MTV added a surprising twist to the line-up of nominees being recognized for their work in the music industry Wednesday, in New York City at the mtvU Woodie awards.
The line-up included bands, individual artists, indie artists and surprisingly non-musicians as well.
Jamie Tworkowski founded “To Write Love on Her Arms,” in 2006. He is the first non-musician to be nominated for the good Woodie award.
TWLOHA is a non-profit movement that exists to encourage, inform, inspire and invest directly into the treatment and recovery for those suffering from addiction.
According to information supplied by Dayna Ghiraldi from Big Picture Media, since 2006 the TWLOHA team has responded to 100,000 messages and emails from more than 100 countries and has been able to donate $600,000 directly to treatment and recovery.
The concept of the non-profit organization grew from a story that he had written about a friend that was struggling with depression addiction, self-injury and had attempted suicide, Tworkowski said.
Tworkowski said that the awards are one of the many doors that have been opened as a result of people participating in the program.
“It’s an honor and it’s a surprise, I feel like it really speaks to our audience that so many people have gotten excited about this [TWLOHA] and have lent their voice to it,” Tworkowski said.
Other nominee’s for the good Woodie award included, John Legend for his Show Me campaign, Wyclef Jean for Yele Haiti, Kenna for his Summit on the Summit, and Alicia Keys for her Keep a Child Alive campaign.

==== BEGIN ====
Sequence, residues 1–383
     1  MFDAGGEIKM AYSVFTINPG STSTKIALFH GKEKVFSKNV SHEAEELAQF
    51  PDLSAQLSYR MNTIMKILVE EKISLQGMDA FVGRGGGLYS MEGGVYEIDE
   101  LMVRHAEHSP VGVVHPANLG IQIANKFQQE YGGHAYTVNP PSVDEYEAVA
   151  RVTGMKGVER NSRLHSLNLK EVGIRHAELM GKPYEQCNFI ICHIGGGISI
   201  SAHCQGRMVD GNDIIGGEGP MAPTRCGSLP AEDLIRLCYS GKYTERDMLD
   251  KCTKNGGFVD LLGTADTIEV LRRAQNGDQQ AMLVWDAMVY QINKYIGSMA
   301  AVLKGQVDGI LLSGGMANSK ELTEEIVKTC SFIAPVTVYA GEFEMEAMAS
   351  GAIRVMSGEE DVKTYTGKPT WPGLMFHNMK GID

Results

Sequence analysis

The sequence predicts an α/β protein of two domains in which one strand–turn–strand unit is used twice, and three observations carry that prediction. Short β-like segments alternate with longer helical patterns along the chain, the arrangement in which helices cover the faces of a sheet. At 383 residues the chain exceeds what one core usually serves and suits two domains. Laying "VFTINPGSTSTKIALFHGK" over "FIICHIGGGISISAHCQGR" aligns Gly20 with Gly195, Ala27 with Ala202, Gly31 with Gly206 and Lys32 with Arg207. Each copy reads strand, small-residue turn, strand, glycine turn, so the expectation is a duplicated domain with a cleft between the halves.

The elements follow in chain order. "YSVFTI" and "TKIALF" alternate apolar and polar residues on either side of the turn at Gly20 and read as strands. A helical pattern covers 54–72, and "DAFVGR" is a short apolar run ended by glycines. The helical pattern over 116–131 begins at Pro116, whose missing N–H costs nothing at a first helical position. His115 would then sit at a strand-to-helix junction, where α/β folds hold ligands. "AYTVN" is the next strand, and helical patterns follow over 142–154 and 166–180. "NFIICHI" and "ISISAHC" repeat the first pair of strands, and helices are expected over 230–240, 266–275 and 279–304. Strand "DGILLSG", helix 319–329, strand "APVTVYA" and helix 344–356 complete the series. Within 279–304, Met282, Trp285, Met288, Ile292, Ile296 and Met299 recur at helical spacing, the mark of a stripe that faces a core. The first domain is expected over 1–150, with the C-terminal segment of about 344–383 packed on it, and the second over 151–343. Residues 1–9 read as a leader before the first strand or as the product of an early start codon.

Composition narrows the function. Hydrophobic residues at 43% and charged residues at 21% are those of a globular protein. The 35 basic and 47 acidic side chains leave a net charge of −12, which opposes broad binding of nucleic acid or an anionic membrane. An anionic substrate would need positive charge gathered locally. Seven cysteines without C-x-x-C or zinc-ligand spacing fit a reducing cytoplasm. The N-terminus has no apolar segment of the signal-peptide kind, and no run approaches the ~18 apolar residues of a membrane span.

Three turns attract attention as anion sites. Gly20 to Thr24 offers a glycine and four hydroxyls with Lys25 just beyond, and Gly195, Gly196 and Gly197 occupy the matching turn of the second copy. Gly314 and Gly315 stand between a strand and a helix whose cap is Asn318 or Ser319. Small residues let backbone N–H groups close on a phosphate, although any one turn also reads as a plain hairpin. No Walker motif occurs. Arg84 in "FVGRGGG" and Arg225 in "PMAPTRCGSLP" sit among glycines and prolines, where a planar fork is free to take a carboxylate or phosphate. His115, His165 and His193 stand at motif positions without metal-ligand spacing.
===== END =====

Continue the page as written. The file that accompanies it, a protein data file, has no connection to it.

The mtvU Woodie awards is an annual award show composed of artists voted on by college students.
According to Lara Hanson, university relations coordinator of Digital Media, the awards started as a college awards show for indie music. It is a place where musicians debut prior to their appearance on MTV and other mainstream networks.
It is more of a jumping off point for new and young artists particularly in college, Hanson said.
mtvU not only awards young artist with the opportunity to become experienced in the industry, but college journalists as well.
College media journalists were invited to cover the Woodie awards in New York City; they were awarded two press passes per school and the chance to represent their schools newspaper during the event.
Information about the Woodie awards and future opportunities for college media journalists can be found by joining the college media journalists group on Facebook or via mtvU Web site at www.mtvu.com.